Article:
The seats were filled up to the nosebleeds last night at Kelly Clarkson’s show at Verizon Theatre. Clearly, North Texas loves the Burleson native and very likely, the show was sold out. Or that’s what the frustrated guy outside screamed to the scalper.  The crowd was sick with adoration — and I learned why. Clarkson is not so much a star as much as she is a genuine and personable talent. It’s hard not to appreciate her.

From behind a scrim flashing headlines of KC, she warms the audience with “Dark Side” from her latest album Stronger. It was a moody piece and offered a tepid opening, but she soon came center stage to rock out with “Behind These Hazel Eyes” that amplified the already high energy into the stratosphere. She finished her troika of an opening with a surprisingly early “Since U Been Gone.”

Clarkson was in great vocal shape and her band could rock the shit out her songs taking them from mere pop radio hits to arena-sounding levels. But it was after her first three songs that I saw the magic of Clarkson. She really is the girl next door with her aw shucks sassy and fun demeanor. Every little comment she made about being home resulted in deafening roars and she punctuated her homegrown flavor with a thick “kuntry” accent. Giving a shout to her friends and family in the audience was just a uproarious for the rest of venue. Clarkson was without any doubt, the homecoming queen for the night.

She could joke about her misstep up the stairs while “trying to be all rock ‘n’ roll” after covering Florence and the Machine’s “Heavy in Your Arms” from the middle of the house as a sort of gift to her nosebleed fans. She nodded to fellow Idol winner Carrie Underwood by covering her song, “I Know You Won’t” and the little band of girls next to me had tears in their eyes. She gave those singers nice props which felt rather sweet in comparison to all this “reductive” talk of late. Her setlist never disappointed either.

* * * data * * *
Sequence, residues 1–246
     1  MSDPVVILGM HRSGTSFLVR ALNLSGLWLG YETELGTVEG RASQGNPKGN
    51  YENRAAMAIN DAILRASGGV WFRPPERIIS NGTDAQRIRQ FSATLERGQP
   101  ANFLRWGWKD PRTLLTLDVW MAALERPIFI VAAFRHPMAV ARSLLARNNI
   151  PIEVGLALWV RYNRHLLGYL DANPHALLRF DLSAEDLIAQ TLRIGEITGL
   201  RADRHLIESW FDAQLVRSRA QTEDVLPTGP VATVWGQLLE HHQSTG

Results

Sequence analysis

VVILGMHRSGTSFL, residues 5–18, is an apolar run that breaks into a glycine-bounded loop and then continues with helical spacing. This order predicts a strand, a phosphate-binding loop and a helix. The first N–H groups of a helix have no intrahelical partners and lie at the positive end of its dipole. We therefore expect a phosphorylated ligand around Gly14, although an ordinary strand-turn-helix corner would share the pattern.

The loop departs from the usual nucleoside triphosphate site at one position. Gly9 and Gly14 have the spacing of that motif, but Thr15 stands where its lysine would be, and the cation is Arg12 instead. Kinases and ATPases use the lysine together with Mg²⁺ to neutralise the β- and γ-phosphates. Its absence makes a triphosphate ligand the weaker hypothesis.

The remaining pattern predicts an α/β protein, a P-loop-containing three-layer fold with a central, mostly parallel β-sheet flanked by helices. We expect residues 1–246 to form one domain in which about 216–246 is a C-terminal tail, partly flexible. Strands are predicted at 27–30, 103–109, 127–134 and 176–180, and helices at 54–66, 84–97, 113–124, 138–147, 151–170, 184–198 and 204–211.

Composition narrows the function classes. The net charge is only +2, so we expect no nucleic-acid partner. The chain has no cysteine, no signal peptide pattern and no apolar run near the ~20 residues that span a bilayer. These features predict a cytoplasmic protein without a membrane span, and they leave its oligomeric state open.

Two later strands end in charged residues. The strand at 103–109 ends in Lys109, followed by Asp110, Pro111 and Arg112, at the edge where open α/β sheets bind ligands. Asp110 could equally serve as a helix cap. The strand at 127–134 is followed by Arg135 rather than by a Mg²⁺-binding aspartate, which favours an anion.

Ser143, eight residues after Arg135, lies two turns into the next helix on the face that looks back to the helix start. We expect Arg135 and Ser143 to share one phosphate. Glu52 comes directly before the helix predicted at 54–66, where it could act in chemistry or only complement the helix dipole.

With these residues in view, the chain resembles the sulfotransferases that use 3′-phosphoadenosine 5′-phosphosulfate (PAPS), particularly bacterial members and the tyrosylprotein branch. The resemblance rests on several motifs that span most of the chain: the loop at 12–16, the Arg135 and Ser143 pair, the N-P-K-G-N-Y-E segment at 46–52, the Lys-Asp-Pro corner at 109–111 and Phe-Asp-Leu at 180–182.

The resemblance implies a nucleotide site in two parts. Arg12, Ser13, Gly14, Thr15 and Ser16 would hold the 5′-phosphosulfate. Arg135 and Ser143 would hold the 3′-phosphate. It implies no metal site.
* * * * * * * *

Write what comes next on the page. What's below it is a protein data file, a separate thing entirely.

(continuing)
After five albums and a respectable career, Clarkson displayed some rookie concert moves like splitting the audience into a singing competition or the gimmicky singing in the crowd, but they didn’t matter. She’s just so likeable, that I wanted to join the ride everyone else was on. She and her band  boiled down the experience to a simple and strong delivery of straightforward music only punctuating the night with a few stage/screen tricks. And that’s how a concert should be.

Opener Matt Nathanson proved he’s the Kenny Loggins for a new age. He had a healthy cadre of fans and even joked about some guys screaming for him. He was almost a bit too adorable, but his upbeat personality fit the bill just fine for the night.

Fans were eager to bring their poster boards to show some love, but the best was the group of gay boys by me with the sign “I’d Go Straight For You.” And I think they would have.